'A Step from Death' is a memoir full of poetry

North Dakota's poet laureate traces his life as father, farmer, and writer.

A Step from Death by Larry Woiwode

A Step From Death

Author: Larry Woiwode

It's hard to know where to start praising Larry Woiwode's new memoir A Step From Death. Perhaps with the language – perfect, poetic, layered. Perhaps with the pace – wandering, peripatetic, interrupted, like memory itself. Or perhaps with the clumsy and unrelenting love with which he, as a father, addresses his only son, Joseph, for whom the book was written.

Woiwode and his family operate a ranch in western North Dakota, where the author relishes the physical demands of farming as a balance to the more interior work of writing. A writer, he believes, should also work.

If life on the farm builds up his family through the rigors of chores, sweat, and machinery repair, it also exposes them to accidents and tragedies. Woiwode relates these as he does the other bits of his past – in snippets peppered throughout the book – rather than long tragic episodes, which would have been hard to take.

Yet these bite-size chunks of memory pull the reader through: The first 25 pages are so riveting it's impossible to put this book down. Woiwode starts out on a sunny morning to make hay, turns back to fetch a jacket, and by the end of the morning his life has been changed forever.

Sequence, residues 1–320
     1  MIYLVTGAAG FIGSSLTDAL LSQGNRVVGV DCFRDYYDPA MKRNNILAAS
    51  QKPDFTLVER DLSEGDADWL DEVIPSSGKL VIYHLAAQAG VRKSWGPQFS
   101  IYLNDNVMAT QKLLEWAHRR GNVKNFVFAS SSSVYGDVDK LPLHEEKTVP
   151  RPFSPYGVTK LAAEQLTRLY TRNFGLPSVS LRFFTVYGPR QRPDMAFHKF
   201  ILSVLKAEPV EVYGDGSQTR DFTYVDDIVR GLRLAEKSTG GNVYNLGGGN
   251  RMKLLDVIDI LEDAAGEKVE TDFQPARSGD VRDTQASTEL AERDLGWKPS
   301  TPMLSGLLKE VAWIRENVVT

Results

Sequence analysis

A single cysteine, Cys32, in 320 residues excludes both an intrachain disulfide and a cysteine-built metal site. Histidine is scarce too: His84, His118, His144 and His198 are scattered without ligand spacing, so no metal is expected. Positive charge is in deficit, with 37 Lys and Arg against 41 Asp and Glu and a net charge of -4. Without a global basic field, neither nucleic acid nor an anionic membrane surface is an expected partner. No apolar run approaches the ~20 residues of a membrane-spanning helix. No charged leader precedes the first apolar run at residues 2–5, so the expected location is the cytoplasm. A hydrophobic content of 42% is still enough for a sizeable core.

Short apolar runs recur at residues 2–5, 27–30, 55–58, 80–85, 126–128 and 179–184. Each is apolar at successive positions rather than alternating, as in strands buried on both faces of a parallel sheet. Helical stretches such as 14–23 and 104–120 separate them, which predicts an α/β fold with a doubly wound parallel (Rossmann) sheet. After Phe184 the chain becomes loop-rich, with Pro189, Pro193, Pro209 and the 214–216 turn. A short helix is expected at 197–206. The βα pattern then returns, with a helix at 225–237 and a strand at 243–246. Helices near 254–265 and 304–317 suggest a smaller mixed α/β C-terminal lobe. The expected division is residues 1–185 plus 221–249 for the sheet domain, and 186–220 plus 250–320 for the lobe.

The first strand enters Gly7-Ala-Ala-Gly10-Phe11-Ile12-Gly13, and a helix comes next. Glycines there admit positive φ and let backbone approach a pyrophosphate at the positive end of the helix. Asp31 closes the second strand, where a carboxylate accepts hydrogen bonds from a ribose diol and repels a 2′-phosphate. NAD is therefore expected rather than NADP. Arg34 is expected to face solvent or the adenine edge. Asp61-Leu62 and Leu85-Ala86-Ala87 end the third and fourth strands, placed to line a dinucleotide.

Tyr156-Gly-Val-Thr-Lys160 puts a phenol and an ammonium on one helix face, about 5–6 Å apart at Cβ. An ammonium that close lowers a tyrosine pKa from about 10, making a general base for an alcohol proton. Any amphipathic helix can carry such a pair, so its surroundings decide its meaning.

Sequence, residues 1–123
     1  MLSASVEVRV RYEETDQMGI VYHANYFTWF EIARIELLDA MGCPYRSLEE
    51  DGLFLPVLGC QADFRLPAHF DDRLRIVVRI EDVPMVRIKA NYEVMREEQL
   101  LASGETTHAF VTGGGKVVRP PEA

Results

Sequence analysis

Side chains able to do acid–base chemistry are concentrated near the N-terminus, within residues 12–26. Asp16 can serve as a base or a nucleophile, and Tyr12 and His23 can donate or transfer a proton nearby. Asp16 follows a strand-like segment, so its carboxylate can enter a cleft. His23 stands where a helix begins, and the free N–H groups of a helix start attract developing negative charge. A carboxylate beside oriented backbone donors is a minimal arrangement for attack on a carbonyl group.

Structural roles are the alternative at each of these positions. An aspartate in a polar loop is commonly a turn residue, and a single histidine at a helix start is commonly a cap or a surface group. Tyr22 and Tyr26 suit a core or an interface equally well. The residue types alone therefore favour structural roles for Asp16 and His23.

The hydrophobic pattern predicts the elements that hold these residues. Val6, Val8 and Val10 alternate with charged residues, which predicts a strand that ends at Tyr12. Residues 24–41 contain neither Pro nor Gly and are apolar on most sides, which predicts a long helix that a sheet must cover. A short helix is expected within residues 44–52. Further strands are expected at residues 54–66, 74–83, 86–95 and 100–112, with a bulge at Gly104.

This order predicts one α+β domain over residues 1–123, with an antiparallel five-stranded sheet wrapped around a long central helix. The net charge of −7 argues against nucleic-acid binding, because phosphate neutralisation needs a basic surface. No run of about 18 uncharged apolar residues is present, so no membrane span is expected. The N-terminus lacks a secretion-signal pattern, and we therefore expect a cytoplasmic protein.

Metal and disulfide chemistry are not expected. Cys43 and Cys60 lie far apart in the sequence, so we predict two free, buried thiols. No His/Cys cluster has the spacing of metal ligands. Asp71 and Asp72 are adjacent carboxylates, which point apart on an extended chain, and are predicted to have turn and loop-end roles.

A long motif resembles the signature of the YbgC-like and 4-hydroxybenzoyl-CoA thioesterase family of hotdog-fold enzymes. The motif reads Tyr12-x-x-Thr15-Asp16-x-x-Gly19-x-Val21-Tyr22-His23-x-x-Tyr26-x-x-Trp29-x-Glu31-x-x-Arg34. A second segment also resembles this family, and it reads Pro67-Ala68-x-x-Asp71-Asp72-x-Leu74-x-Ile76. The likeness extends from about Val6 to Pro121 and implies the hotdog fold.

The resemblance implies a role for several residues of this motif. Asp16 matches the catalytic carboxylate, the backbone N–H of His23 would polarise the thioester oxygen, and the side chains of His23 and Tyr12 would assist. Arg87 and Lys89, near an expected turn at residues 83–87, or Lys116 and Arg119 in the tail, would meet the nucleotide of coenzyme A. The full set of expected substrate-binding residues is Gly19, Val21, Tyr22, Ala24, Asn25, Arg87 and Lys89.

Or has it? Though tragedy and time may wear away at the outer man, his identity is unchanged. "After decades of poems and stories and books, I've reached the age termed 'senior' – a desolate desert of regret...." To the outer world, perhaps. But he still sees himself as he did long ago: "I'm the person I discovered in my interior the day I woke to the world, and I have to pause in surprise at reflections in glass that suggest the one gliding by isn't nineteen...."

Woiwode worked with acclaimed New Yorker editor William Maxwell and includes amusing lore from that relationship. He has published many short stories and two novels. His position as poet laureate of North Dakota shines through best in the writing in this book, laid down with the precision of a poet who knows the terrain.

He describes a snowy afternoon: "I stick out my tongue and catch crumpling spangles that taste of cistern water." Then the afternoon turns dangerous as he finds himself driving in a blinding snowstorm, with semi trucks "bannering past in a digital blare" as "a cloud of snow fog blinds me to both [highway] lines," the beginning of another fateful event.

Despite his considerable accomplishments, Woiwode feels his life's work to be unfinished and his writing laborious "a clumsy tumble like airport luggage."

We can only thank him for a tumble so rich.

Elizabeth A. Brown

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